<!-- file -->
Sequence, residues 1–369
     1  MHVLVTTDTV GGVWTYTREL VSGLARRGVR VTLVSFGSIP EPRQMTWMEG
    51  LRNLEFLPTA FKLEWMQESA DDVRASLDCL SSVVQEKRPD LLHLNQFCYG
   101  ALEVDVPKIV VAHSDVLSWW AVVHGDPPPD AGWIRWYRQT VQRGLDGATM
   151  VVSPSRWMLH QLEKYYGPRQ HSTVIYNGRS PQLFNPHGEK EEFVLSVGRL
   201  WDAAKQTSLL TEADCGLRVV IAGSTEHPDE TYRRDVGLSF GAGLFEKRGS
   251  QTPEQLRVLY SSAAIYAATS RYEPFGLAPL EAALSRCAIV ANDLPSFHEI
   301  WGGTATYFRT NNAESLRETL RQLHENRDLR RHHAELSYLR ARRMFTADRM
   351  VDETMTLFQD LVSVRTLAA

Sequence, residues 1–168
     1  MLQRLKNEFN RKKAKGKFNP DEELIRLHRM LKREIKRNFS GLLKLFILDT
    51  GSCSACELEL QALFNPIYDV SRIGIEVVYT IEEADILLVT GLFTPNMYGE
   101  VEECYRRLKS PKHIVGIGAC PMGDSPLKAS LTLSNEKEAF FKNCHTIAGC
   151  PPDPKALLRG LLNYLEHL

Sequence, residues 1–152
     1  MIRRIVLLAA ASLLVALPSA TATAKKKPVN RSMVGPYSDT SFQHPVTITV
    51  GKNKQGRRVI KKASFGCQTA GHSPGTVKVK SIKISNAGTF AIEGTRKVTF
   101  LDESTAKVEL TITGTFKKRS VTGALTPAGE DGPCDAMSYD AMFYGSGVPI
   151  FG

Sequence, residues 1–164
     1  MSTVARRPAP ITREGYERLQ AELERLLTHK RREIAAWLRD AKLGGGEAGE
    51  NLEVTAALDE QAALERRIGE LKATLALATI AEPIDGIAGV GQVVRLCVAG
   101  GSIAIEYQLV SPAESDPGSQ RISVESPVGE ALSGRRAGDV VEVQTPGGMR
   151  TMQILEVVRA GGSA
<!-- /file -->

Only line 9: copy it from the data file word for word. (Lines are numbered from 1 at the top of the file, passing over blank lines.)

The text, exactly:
   351  VDETMTLFQD LVSVRTLAA